After 73 years spent caddying on Pinehurst No. 2, Willie McRae is rarely wrong about golf.
But at the first tee on a brisk November morning in 1951, an 18-year-old Willie McRae made the wrong read.
“I don’t get it,” McRae recalls saying in his memoir, On the Bag. “Not only is he itty-bitty, but he damn near died in that car accident a couple of years ago. How they think he’s gonna be able to get the job done?”
Willie McRae, at far left, caddied in Ben Hogan’s group during the 1951 Ryder at Pinehurst No. 2. (Photo Courtesy of the Tufts Archives – May not be used without permission)
“He got up on the first hole and said, ‘Have a nice round. When he finished, he said, ‘Have a nice day.’ He shot 32-34. I said, ‘Yeah, he can play.'” -Willie McRae on Ben Hogan
But McRae, who’s trusted his eyes on No. 2 for seven decades, couldn’t see how the diminutive Hogan could possibly still compete with the world’s best players on the terribly difficult No. 2, which was playing to 7,007 yards for the 1951 Ryder Cup.
It didn’t take long for McRae to change his mind.
“He got up on the first hole and said, ‘Have a nice round,'” McRae told ESPN of that first Ryder Cup round. “When he finished, he said, ‘Have a nice day.’ He shot 32-34.
“I said, ‘Yeah, he can play.'”
Looking back 65 years later, McRae believes Hogan’s Ryder Cup 66 may have been the best round he’s ever seen on Pinehurst No. 2.
“I couldn’t stop raving about that itty-bitty fellow at home that night,” McRae writes.
As you can see, Tommy is without much of his right arm, but that hasn’t slowed him…AT ALL. He’s impressed golfers of all ages, including meeting and playing with many of the game’s greats, from Tiger Woods to Arnold Palmer, from Phil Mickelson to Gary Player, to Jordan Spieth, Rickie Fowler and Bubba Watson.
And Tommy did not disappoint. One of the fun things he and his father like to do is to mimic great players’ golf swings. In the video above, you’ll see Tommy’s takes on the swings of Spieth, Rory McIlroy, Fowler, and yes, even Mickelson’s. You don’t want to miss this, and you especially don’t want to miss his last impersonation.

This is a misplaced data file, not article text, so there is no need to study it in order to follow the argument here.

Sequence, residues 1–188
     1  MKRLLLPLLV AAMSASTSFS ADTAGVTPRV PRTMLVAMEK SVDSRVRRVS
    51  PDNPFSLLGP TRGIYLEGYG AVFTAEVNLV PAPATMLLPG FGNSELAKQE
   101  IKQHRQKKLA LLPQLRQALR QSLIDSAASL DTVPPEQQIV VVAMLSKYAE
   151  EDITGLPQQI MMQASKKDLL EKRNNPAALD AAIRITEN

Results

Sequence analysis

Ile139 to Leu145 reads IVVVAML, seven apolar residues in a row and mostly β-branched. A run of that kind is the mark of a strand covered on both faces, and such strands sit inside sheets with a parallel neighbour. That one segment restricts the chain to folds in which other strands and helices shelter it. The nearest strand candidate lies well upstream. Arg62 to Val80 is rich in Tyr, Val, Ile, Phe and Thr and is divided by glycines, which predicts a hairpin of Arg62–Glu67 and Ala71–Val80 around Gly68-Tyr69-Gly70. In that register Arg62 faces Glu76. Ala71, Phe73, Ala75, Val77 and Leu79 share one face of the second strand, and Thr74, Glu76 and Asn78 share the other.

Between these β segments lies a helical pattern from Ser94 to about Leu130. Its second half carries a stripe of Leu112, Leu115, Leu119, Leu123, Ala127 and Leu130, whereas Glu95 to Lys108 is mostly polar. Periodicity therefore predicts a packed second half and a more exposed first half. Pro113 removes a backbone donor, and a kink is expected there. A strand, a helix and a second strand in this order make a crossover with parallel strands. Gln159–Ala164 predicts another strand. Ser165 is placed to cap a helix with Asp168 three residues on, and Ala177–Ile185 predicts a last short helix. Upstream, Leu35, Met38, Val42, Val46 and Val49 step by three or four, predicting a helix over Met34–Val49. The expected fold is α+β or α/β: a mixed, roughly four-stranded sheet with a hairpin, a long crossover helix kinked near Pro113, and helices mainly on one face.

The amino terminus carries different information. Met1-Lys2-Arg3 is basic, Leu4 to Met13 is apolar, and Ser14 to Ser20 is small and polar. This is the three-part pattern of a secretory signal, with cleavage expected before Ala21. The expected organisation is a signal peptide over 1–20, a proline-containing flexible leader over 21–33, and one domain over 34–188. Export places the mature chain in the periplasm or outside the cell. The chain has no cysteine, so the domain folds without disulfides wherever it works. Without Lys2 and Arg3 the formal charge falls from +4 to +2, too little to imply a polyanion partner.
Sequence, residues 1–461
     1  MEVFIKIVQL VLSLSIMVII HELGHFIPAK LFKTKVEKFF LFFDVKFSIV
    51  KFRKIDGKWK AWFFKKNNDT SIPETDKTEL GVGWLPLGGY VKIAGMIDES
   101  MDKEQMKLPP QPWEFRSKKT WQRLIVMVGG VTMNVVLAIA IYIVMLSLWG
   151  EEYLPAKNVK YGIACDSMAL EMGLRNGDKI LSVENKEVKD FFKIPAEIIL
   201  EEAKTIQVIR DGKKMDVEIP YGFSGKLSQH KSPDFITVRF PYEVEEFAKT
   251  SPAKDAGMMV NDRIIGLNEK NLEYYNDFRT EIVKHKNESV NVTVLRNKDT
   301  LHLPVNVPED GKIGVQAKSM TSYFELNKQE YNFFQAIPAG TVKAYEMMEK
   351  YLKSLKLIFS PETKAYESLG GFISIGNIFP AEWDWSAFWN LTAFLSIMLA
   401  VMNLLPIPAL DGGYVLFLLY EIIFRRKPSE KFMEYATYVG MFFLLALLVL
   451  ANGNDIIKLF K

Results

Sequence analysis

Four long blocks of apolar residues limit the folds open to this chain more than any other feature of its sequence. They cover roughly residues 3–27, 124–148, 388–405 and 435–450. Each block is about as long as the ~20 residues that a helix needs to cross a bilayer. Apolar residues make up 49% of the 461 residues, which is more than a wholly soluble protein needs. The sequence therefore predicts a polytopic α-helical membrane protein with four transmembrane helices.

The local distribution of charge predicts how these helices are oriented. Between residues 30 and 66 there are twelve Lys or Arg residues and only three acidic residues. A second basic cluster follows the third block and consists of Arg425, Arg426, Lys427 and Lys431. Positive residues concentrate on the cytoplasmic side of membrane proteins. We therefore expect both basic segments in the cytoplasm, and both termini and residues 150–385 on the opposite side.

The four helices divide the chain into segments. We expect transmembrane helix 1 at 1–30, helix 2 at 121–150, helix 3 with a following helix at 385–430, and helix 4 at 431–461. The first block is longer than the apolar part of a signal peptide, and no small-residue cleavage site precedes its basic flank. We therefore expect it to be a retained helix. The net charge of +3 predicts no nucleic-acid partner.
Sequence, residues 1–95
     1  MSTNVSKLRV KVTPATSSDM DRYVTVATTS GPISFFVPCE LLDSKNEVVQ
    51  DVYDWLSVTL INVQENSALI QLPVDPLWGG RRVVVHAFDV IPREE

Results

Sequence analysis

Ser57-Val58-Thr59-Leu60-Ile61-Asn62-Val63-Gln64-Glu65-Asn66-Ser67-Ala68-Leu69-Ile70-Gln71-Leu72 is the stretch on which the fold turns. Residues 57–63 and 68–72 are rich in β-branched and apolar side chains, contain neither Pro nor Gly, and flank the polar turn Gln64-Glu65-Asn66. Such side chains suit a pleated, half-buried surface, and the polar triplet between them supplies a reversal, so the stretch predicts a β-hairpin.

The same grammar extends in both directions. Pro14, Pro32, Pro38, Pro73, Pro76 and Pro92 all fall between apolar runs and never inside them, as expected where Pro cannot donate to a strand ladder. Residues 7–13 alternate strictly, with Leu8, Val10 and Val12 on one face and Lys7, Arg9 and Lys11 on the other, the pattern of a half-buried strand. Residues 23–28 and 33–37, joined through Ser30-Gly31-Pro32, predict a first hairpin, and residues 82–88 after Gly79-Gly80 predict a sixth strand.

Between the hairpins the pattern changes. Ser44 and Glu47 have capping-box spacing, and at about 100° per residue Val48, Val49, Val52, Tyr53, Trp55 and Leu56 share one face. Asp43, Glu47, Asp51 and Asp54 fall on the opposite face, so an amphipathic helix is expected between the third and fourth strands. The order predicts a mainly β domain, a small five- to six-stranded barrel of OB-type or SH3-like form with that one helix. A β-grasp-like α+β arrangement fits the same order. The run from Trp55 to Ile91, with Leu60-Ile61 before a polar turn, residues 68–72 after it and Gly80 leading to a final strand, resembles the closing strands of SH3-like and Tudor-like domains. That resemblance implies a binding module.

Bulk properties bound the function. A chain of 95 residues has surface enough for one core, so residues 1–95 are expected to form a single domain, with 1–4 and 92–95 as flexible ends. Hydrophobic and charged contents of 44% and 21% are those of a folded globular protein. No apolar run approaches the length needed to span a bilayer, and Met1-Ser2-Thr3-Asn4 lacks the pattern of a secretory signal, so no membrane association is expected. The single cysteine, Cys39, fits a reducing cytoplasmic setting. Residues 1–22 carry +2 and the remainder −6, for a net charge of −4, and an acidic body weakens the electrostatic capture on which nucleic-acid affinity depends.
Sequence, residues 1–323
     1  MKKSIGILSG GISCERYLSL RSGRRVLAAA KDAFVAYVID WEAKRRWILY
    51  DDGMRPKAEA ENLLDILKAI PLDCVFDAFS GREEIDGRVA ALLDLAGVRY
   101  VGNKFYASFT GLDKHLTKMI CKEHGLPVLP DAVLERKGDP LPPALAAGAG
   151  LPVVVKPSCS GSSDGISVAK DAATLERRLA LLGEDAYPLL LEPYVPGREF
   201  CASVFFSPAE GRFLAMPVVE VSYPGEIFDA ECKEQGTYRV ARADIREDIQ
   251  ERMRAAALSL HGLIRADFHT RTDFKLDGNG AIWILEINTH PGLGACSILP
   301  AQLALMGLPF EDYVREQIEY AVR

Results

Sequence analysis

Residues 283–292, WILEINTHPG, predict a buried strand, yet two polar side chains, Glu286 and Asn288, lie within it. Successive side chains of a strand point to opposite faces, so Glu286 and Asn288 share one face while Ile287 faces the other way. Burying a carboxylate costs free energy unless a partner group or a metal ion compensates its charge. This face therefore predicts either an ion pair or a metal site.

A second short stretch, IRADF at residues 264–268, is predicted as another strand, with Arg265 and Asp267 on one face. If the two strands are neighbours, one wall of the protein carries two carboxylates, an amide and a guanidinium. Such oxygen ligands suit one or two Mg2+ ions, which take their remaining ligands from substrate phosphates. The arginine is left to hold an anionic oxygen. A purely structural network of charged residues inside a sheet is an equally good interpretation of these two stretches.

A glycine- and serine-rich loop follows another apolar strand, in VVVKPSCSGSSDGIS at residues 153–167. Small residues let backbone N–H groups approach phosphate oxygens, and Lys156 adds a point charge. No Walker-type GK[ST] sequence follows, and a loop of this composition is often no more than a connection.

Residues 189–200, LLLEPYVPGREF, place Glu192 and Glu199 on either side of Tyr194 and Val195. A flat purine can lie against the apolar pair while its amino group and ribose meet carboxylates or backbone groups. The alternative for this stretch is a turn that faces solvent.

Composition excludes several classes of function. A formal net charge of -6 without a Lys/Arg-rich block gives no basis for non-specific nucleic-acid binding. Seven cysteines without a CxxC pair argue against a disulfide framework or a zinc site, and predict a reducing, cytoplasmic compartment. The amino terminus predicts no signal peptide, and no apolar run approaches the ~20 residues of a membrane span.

In between those mighty cuts, you’ll see what golf truly is for Tommy and his dad – pure fun. And that’s the best golf tip of all.
As a second-grader Gary Brown knew exactly what he wanted to be when he grew up – a piano player.
While most kids dream of being an astronaut or President of the United States, Gary’s idol was closer to home. He wanted to follow in his grandfather’s footsteps.
Robert Murphy delighted guests in the Carolina Dining Room with his music for three decades before being diagnosed with cancer. He passed away in 2012, but his memory lives on thanks to his family.
You see, Gary isn’t the only member of the Murphy family who plays at Pinehurst. His uncle, Paul Murphy, has been known to take on dinner shifts when he’s not busy at his church.
Gary was just a freshman at Pinecrest High School when he started playing at the Carolina, but piano wasn’t his primary instrument. Instead, he played the drums as part of a trio featuring the Murphy family.
I’ve been playing here for almost 13 years now and it seems like I just started yesterday,” Gary said. “There’s never a dull moment and I love what I do. When I come here, I don’t feel like it’s work at all.”
It didn’t take long for him to graduate to the piano. After all, he’s been playing as long as he’s been walking.
“The piano just drew me near,” he said. “Every time I was around it, I would go and play.”
Gary took piano lessons, but his grandfather helped him hone his skills.
It was Robert Murphy who introduced him to musicians like Beethoven, Frank Sinatra and Nat King Cole. He also instilled in Gary the value of hard work.
“My grandfather always taught me about providing a service and being able to do your best, have integrity and letting your work speak for itself,” he said. “I’ve always tried to carry that on.”
When Gary isn’t playing in the Carolina Dining Room, he’s busy tuning and cleaning pianos, skills he learned from his grandfather. His lessons got underway in 2006 when he was just a junior in high school.
“He was grooming me to take over the family business,” Gary said.
Gary plans to pass his love of music on to his son, Gary Jr., and daughter, Kaelyn.
“My son cries for the keyboard,” Gary said. “I bought him a baby recliner, and when I put the keyboard in front of him, he just plays and plays.”
Kaelyn, who is 5 years old, is more interested in vocal music.
“She’s has an absolutely beautiful voice,” Gary said.
A sponsor of Jason Day – RBC – has released a mini-documentary about Day’s life, and if you’ve marveled at Day’s play over the last two months and still haven’t heard his backstory, this is 10 minutes definitely worth your time.
It also reminds us of a 2012 interview we did with Jason when he visited Pinehurst as part of an outing with Lexus. It came minutes after Day’s first look at Pinehurst No. 2 (and a few weeks before the Ryder Cup, of which Jason made a prediction).
Looking back, it almost feels like we talked to Jason Day before he became JASON DAY.
Day treated the people at Pinehurst beautifully that morning and afternoon and was sincerely kind at every turn. We’ve been fans of him ever since. And after you watch the above documentary, you may become a fan for life as well.